Puppies should be desexed before they first come into season and many are done by the age of twelve weeks or slightly older.
Desexing puppies around about the age of eight weeks is also possible due mainly to advances in modern anesthetics. Early desexing is practiced by some animal welfare agencies faced with overpopulation problems.
Breed and weight will play a factor – the right person to ask about desexing for your puppy is the vet.
- Before with any surgical procedure, your vet should perform a full health check to find out if your puppy is healthy and not suffering from an illness or disease that may endanger his or her life when undergoing an anesthetic or operation.
- All anesthetics and operations contain risks, although with modern anesthetics, pre-blood testing and monitoring equipment, the risk of complication is low. Discuss the options with your vet.
- Desexing puppies is a day surgery procedure with the pup being available for collection from the surgery in the afternoon. Post operative care should be explained to you by the animal hospital and if you have any concerns whatsoever, contact the veterinarian immediately.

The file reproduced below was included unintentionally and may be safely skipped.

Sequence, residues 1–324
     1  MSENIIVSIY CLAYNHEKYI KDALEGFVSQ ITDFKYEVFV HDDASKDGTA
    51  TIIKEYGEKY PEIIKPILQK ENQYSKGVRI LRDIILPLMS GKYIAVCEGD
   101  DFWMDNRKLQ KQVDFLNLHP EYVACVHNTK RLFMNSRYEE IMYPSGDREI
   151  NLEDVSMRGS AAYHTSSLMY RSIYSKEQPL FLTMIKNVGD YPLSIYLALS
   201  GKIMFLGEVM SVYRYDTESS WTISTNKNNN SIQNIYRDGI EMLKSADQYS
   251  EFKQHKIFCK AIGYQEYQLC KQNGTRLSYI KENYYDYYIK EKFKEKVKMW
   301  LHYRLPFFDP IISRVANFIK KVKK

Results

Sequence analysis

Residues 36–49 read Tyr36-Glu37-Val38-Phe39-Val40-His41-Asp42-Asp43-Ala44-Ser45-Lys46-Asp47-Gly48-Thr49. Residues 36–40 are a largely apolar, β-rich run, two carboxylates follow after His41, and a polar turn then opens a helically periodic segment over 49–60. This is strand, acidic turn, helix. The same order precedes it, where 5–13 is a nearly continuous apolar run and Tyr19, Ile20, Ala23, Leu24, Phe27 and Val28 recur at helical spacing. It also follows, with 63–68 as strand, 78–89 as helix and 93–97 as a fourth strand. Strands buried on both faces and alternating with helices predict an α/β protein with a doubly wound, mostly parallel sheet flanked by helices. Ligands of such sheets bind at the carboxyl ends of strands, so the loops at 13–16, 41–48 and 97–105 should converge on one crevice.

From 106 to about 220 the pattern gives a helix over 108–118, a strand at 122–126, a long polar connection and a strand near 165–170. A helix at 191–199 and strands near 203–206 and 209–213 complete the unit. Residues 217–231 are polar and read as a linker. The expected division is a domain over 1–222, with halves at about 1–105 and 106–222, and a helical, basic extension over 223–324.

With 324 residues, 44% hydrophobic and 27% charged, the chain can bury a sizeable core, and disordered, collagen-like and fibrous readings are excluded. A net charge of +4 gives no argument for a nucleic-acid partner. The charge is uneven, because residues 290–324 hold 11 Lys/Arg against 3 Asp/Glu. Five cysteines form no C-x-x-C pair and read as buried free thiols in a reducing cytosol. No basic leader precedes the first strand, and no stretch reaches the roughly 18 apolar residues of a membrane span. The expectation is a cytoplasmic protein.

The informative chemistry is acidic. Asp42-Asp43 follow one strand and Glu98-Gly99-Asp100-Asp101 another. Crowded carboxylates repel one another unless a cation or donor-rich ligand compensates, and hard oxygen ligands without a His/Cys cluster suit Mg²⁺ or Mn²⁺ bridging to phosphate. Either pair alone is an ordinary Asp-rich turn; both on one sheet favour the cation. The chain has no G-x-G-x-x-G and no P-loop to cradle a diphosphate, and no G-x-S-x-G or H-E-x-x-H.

The rescue shelters take in litter after of litter of unwanted puppies simply because the desexing of companion animals is not yet mandatory.
Ethical registered breeders and rescue shelters ensure their pups are desexed prior to coming into your home.
This is general information only, consult your animal health care professional for advice concerning the desexing of your dog. See Legal Disclaimer
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